Health; body; hygiene; perspiration; sweat; wash; bath; clean; food; period; tampon; personal; hand; washing; teeth; gums; safety; blood; cigarettes; smoking; tobacco.;
Personal hygiene needs to be part of everybody's daily habits, so that we can help prevent illnesses from spreading. In some places it is easier to practice good hygiene (if for example you have clean water on tap), and for some jobs you need to be very careful about hygiene.
- washing your hands
- also washing the rest of your body
- taking care when you are handling food and storing food
- being careful not to cough or sneeze on others,
- cleaning things that you touch,
- throwing away things such as tissues that might have germs on them
- using protection (such as gloves or condoms) when you might be at risk of catching some infections.
'Hygiene' was first of all thought about as a way to stop the spread of infection, but now we also use the word hygiene to mean the way to make sure that our body is also nice to be around (for example hair looks clean and we smell OK).
What you do about personal hygiene is very much dependent on the culture in which you live. Your 'culture' does not only mean in which town or country you live, but also the group that you spend most time with. In some groups it is expected that you will wash your body at least every day and use deodorants to stop body smells; in other groups different 'routines' may be usual.
Body smells are partly due to
- chemicals that the body makes (such as the pheromones or 'sexual' chemicals that attract (or repel) others)
- things that the body is trying to get rid of (such as garlic and alcohol)
- and partly due to the actions of bacteria on the skin. There are always bacteria on the skin which 'feed' on dead skin cells and fluids such as sweat. Some of these bacteria make chemicals which smell unpleasant such as hydrogen sulphide (rotten egg gas).
Washing and using deodorants gets rid of many of these smelly chemicals for a while but they build up again every day.
Clothes (especially socks and underwear) can be smelly and unpleasant to others after they have been worn for one day. Making sure that underwear and socks are changed each day is usually the thing to do in places where it is easy to wash clothes. In some places this may not be possible.
Other people do make judgements about some people based on what they look like and what they smell like. Make sure that the 'message' you give is the one that you want to give.
Cigarette smoke, whether you are a smoker or are around people who smoke, clings to your clothes with an unpleasant smell.
- Having clean hair is also something that many people prefer.
- Shoes often get very smelly, and putting them outside to dry completely (killing the bacteria in them which make the smell) can make you easier to live with.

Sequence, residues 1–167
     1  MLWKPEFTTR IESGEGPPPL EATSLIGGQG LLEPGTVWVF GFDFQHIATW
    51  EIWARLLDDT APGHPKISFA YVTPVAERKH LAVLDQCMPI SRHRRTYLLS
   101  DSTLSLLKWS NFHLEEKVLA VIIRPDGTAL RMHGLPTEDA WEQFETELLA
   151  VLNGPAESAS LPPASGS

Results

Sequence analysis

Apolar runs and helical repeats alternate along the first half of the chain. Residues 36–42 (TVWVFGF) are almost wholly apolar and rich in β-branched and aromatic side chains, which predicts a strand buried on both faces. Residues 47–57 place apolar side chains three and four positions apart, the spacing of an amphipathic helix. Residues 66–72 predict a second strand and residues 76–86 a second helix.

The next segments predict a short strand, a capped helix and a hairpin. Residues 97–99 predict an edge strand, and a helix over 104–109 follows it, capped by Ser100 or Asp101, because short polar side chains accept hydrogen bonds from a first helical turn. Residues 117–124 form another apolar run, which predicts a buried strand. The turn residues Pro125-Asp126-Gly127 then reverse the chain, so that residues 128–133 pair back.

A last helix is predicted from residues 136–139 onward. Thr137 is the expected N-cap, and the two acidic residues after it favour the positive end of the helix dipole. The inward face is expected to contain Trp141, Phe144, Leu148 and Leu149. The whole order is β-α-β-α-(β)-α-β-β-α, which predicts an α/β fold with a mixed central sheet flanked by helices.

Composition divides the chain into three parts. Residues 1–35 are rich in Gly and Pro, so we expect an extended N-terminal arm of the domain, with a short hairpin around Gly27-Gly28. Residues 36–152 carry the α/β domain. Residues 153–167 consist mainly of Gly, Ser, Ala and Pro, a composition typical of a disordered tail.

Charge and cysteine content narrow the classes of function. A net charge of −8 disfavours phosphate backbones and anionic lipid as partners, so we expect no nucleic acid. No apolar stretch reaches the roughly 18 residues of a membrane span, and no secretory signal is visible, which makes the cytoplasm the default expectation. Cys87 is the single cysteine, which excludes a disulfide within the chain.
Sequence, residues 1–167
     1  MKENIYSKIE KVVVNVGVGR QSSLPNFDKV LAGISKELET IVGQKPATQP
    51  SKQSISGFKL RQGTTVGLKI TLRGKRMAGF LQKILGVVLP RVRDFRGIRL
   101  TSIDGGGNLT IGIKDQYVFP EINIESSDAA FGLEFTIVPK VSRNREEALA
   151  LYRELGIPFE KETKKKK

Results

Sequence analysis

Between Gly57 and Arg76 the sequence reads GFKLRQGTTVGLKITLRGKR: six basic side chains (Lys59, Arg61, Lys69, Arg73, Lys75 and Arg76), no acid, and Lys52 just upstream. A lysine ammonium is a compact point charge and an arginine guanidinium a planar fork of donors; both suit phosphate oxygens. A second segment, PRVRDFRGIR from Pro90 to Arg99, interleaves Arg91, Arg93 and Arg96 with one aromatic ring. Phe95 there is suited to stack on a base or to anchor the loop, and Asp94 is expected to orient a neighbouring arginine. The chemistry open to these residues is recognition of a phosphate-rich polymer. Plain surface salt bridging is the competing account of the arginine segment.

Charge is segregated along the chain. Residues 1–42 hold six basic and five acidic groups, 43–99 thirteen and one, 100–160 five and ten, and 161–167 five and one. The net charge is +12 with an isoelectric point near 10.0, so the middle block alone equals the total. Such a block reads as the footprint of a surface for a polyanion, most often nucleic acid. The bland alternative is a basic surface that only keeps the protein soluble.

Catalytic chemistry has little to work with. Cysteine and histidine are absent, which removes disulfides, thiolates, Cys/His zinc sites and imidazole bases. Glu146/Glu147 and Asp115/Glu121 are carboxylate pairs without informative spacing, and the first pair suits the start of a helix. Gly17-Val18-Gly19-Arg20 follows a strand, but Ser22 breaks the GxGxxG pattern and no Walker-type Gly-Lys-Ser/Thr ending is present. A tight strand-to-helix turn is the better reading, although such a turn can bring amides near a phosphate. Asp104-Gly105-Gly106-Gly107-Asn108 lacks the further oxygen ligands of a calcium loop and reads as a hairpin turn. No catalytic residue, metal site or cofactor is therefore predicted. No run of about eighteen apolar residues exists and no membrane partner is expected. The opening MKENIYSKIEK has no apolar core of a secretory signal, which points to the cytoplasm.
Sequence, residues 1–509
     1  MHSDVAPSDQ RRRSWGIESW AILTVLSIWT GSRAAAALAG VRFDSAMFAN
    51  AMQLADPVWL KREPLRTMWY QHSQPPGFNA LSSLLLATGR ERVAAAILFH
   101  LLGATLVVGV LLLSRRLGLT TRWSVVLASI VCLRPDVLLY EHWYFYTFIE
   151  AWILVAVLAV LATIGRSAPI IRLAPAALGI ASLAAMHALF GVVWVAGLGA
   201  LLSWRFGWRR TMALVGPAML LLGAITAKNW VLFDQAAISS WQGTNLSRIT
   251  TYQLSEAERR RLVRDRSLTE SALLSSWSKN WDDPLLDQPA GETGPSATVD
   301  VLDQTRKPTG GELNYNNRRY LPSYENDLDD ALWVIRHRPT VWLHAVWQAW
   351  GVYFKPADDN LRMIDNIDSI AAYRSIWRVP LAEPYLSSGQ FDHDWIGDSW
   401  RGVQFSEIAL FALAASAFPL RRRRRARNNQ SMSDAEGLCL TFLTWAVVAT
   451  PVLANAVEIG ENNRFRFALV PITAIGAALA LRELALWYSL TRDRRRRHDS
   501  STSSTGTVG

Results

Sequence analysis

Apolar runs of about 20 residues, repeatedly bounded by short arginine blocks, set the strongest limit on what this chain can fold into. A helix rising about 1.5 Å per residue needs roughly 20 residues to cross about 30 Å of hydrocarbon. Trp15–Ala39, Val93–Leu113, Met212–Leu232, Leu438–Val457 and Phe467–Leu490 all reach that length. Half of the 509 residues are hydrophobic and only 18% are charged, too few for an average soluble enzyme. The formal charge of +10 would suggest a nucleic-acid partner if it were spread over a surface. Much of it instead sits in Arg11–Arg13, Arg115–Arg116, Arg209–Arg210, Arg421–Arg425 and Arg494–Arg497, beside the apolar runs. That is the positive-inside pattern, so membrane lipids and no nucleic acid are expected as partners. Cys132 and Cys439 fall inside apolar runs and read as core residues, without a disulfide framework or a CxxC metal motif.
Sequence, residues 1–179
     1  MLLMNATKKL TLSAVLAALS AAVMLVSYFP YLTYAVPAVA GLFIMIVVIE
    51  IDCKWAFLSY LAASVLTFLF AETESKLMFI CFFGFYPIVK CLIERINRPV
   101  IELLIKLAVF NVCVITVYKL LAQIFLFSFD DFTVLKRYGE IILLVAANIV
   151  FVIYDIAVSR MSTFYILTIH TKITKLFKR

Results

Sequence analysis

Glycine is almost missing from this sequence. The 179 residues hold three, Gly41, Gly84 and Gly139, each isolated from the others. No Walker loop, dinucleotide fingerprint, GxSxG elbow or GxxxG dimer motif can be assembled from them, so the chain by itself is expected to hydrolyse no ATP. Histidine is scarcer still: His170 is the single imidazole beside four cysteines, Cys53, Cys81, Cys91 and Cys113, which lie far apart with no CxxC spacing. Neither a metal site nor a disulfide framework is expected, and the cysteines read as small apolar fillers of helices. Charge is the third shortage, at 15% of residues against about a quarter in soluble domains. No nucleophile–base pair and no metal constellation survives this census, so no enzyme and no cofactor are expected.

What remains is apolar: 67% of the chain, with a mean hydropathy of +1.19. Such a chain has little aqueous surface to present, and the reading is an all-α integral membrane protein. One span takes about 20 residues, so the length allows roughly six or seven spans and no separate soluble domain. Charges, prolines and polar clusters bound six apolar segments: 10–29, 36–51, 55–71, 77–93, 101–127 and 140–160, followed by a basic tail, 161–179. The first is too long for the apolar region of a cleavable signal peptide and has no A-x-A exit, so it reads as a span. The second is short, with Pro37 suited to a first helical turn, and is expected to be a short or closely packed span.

How much do you do with your hands? A fair bit when you stop and think about it.
- Most of the infections we get, especially colds and gastro, we catch when our hands get germs on them, and we then put our hands to our mouth or nose.
- Some we catch when other people's dirty hands touch the food that we eat.
It is important to keep hands as clean as possible, particularly if you are around food.
Wash your hands
- after using the toilet,
- before making or eating food,
- after handing dogs or other animals
- if you have been around someone who is coughing or has a cold. You would be very surprised how often you move your hands to your mouth or nose (you can, of course, also catch the germs if you breath in the air that they have just filled with germs when they coughed).
Use clean water and soap (or alternative) over your hands and wrists. You may need a brush to get under nails if they are dirty as well. Use something clean to dry your hands, such as paper towel or a hot air dryer. Stop for one minute and think what you have done with your hands today, and how often have you washed them well?
Food poisoning is an illness that you can develop after eating food that is contaminated with harmful bacteria (contaminated means germs are in it). You can feel sick, vomit, have abdominal pains and diarrhoea a couple of hours to a day or so after eating the contaminated food. You can't always tell if food has been contaminated because the bacteria often don't make the food smell or taste different. Following are some ideas on how you can prevent those bacteria getting into your food at home (or work).
- Always have clean hands before you eat or prepare food.
- When you are preparing the food, keep surfaces and utensils clean (chopping board, bench, knives, forks and so on).
- Prepare raw and cooked foods on separate work areas with separate utensils.
- Wash all food that will be eaten raw (such as fruit and vegetables).
- Maintain the correct temperature when storing foods.
- Keep perishable food refrigerated, do not thaw frozen foods at room temperature (keep them in a fridge).
- Serve hot food when it is hot and cold food when it is cold.
- Don't keep cooked food at room temperature, keep it either hot or cold.
- If you are reheating foods, make sure the food gets hot right through.
- When you have thawed frozen food, do not re-freeze it, and if you have re-heated food once already, don't let it get cold and then re-heat it again!
The vagina is an area of the body that is able to clean itself. No special care is needed other than washing the outside of the genital area like you wash other areas (eg in a bath or a shower). Putting anything into the vagina can damage the delicate skin inside, making it easier for germs to cause an infection, so you do not need to use special preparations such as douches.
Having a period does not mean that you cannot wash your genital area the same as you usually do. You can have a bath, shower (or swim) just like you usually do. Water cannot get into the inside of your body. You can go to the toilet to wee before swimming to wash out any blood if you are worried that others might notice.